Gluten Allergy | Celiac Disease | Gluten Free Diet | Allergy - Part 3

Saccharomyces Cerevisiae

by Allergy Guy

Saccharomyces cerevisiae is a yeast species, used for fermentation of wine and beer, and for bread making. There are over 1,500 species of yeast but Saccharomyces cerevisiae is the best known due to its long history (probably reaching back through prehistory) as the primary yeast used to ferment beer and wine, and leaven bread.

Like all yeast, it is a type of fungus. Most yeasts exist in a single cell form, while some, such as candida albicans can form strings of yeast cells, however Saccharomyces cerevisiae does not take this form.

[click to continue…]

(Visited 2,573 times, 1 visits today)

{ 0 comments }

Grain

by Allergy Guy

Grain is the edible seed portion of a wide range of plants, including anything from  wheat and rice, to peas and beans. Most are gluten free but some are not.

There are two main types of grain: cereals, and legumes. Cereals include gluten containing foods such as wheat, rye, oats and barley. Other cereals suitable for those on a gluten free diet include rice, corn and millet. [click to continue…]

(Visited 285 times, 1 visits today)

{ 0 comments }

Candida Albicans

by Allergy Guy

Candida albicans is the type of yeast responsible for yeast infections in humans. It is different from baker’s or brewer’s yeast which is used to make food.

Candida albicans is not harmful in small amounts, and is normally found in healthy people, particularly in the mouth and gut. The problem is when there is too much of it, known as “yeast overgrowth”. Other than that, it is not particularly harmful, but it isn’t helpful either. [click to continue…]

(Visited 691 times, 1 visits today)

{ 0 comments }

What Is Yeast?

by Allergy Guy

What is yeast? With so much talk about yeast allergy, yeast infection and yeast-free diet, it is important to understand what yeast is.

There are some common misconceptions about yeast. If you already know what it is not, skip past the teasers to the heading What is Yeast. [click to continue…]

(Visited 1,958 times, 1 visits today)

{ 0 comments }

Millet

by Allergy Guy

Millet is range of gluten free grains. It can be included in a gluten free diet although it is less popular than other alternatives such as rice.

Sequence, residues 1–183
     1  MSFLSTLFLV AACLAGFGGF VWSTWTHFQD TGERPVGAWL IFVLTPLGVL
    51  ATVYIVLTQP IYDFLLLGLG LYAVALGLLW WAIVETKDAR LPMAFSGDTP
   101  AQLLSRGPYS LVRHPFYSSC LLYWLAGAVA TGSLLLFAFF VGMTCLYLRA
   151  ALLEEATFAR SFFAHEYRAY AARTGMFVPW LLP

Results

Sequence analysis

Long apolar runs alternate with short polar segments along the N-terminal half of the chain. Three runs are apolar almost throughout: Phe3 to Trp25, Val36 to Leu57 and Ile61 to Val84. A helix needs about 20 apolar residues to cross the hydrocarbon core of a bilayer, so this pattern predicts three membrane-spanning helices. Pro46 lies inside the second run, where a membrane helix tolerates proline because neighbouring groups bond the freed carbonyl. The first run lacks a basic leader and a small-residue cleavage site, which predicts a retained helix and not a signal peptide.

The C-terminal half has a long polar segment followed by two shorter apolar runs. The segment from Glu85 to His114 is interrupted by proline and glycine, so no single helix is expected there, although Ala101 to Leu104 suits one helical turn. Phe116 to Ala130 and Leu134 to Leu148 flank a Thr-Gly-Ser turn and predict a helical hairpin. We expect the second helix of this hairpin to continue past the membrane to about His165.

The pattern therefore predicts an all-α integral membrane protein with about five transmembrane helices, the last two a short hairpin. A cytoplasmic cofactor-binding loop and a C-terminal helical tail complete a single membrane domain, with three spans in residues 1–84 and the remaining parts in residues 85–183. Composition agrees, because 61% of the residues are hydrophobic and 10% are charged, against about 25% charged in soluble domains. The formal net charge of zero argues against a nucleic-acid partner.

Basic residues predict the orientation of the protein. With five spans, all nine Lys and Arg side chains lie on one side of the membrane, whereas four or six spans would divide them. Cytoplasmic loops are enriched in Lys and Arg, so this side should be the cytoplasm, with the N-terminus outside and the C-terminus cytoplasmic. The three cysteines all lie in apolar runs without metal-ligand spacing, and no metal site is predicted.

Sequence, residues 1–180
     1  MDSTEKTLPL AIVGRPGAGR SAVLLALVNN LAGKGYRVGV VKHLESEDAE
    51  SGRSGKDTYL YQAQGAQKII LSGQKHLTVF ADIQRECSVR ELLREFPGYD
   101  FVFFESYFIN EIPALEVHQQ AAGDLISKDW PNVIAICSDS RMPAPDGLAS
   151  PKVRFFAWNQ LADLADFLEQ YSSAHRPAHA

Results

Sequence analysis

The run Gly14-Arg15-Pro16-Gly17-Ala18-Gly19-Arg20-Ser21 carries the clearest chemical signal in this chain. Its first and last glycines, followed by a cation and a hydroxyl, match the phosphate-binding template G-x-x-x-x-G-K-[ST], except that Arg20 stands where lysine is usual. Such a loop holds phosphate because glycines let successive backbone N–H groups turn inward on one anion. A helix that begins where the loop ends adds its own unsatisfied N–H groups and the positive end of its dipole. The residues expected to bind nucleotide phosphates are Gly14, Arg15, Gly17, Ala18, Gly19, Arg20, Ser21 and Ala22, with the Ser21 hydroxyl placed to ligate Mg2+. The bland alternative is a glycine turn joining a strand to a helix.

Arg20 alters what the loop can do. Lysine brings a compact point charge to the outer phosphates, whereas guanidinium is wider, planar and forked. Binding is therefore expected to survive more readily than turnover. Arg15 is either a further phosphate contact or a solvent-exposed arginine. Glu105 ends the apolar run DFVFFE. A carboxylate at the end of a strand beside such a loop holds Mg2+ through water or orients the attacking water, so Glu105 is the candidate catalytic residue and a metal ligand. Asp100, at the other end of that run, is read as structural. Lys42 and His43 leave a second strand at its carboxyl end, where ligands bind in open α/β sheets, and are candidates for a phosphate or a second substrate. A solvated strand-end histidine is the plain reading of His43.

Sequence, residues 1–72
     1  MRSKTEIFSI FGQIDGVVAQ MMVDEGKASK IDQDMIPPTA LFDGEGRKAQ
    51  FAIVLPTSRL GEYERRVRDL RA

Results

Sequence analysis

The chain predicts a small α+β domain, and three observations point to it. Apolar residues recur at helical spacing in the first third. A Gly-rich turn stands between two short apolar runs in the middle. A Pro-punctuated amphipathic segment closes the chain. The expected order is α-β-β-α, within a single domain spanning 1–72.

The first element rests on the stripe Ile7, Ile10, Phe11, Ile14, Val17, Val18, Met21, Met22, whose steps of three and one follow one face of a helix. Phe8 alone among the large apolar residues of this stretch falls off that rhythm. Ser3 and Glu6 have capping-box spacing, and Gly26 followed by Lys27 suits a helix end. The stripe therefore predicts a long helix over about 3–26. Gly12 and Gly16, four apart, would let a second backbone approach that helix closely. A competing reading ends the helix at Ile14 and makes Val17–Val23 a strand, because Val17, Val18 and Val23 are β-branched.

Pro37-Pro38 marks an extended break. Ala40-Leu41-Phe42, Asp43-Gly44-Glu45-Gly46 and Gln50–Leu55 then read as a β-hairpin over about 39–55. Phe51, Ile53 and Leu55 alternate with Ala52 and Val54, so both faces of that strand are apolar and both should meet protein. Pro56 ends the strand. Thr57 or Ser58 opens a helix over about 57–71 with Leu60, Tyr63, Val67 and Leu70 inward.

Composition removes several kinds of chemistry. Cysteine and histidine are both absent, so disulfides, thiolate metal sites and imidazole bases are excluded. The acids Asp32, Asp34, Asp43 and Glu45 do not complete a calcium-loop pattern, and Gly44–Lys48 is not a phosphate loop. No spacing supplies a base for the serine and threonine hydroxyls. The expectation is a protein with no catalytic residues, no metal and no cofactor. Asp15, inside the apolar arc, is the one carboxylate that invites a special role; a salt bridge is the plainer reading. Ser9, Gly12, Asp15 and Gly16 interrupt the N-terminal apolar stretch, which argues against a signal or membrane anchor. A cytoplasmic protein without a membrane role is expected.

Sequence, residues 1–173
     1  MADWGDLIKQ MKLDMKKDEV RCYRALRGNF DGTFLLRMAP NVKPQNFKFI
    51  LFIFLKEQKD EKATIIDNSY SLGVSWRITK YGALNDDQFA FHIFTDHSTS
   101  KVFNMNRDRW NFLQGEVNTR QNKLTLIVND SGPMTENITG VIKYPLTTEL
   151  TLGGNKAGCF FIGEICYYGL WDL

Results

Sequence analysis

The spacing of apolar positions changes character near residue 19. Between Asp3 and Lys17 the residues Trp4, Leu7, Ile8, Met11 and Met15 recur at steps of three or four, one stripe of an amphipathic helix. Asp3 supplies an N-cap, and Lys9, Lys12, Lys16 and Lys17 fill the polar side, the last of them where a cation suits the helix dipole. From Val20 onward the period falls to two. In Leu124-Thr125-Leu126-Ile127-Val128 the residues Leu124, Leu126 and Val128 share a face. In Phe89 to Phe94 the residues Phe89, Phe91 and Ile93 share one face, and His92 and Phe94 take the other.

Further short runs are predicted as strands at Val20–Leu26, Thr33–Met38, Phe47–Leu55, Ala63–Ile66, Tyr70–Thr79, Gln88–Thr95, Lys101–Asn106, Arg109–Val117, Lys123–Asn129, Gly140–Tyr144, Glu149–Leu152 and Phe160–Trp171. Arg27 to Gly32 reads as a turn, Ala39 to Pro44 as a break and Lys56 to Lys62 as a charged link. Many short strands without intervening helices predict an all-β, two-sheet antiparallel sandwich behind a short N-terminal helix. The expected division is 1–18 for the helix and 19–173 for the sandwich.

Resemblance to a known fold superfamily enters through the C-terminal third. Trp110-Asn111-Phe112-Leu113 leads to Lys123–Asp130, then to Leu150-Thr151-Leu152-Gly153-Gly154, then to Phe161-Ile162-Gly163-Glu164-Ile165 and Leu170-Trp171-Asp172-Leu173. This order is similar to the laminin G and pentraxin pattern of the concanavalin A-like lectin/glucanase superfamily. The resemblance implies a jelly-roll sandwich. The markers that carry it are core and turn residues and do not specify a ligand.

There are many varieties of millet. The type most found in North American food stores is Proso millet. There are many other varieties of millet, mostly grown in Africa, China and India, including finger, pearl, foxtail and Job’s tears millets. Some people use the word millet to mean anything that is not one of the main cereal crops of wheat, barely, rye, oats, rice, but this is not the general use of the word.

[click to continue…]

(Visited 319 times, 1 visits today)

{ 0 comments }

Gluten free diet can cause weight gain, but only if done improperly. This article looks at why, and what to do about it.

A gluten-free diet does not automatically mean a healthy diet, unfortunately. As time goes on, your unhealthy gluten free options become more, not less. However, you still have plenty of healthy options to choose from. Healthy choices are obviously better for you and help you to maintain a healthy weight, where as many unhealthy choices can lead to weight gain.

[click to continue…]

(Visited 268 times, 1 visits today)

{ 0 comments }

Celiac disease can cause weight gain, according to some sources. Weight loss is the more common association, but here is why celiac could lead to obesity.

Many who feel they are experts with celiac disease believe that weight loss is a primary cause of celiac disease. This is definitely true: the damage caused in the intestine by gluten in celiac patients can lead to mal-absorption and therefore weight loss.

Celiac disease is a complex disease however; being overly simplistic about it is always a danger.

[click to continue…]

(Visited 561 times, 1 visits today)

{ 0 comments }

Quinoa Allergy

by Allergy Guy

Quinoa allergy has been reported by many on this site. This article discusses quinoa allergy and alternative causes.

Most people who report a quinoa allergy report similar symptoms: cramps, intense stomach pains, gastrointestinal problems and the like.

While such symptoms could be caused by allergies, I would expect such allergic reactions to be rare. Also, there is a remarkable consistency in the symptoms, which is rare for a food allergy since allergy symptoms typically vary from person to person rather than from food to food. [click to continue…]

(Visited 1,095 times, 1 visits today)

{ 1 comment }

Many people seem to get sick when eating quinoa. Mycotoxin may be the missing link. This website has seen many comments about allergy to quinoa for example, yet I highly doubt that what they are experiencing is a quinoa allergy, as much as quinoa may be making them sick.

Katherine Kohl left the following comment, which looks interesting and is well worth further investigation. Unfortunately she is not specific about the specific types of mycotoxin. [click to continue…]

(Visited 3,501 times, 1 visits today)

{ 5 comments }

body { font-family: “Calibri”,”Slate Pro”,sans-serif,”sans-serif”; color:#262626 }

Gluten free breakfast in Moncton, New Brunswick was hard for me to track down, but a random suggestion of a breakfast joint by hotel staff led me to a restaurant which, luckily, includes gluten-free toast on the menu.
The Garden Breeze restaurant is located at 500‎ Kennedy St., Dieppe (central Moncton) and you can call them at 855-0564. I had bacon and toast, and it was as good as any similar breakfast. I did not ask about cross contamination of the toaster, choosing to take the risk. I was offered a second teat with fresh tea bag, and was not charged for the second tea, a nice touch.
If you stay at Coastal Inns, breakfast at Garden Breeze is included. I stayed at Comfort Inn which does not have a full gluten free breakfast.

(Visited 9 times, 1 visits today)

{ 0 comments }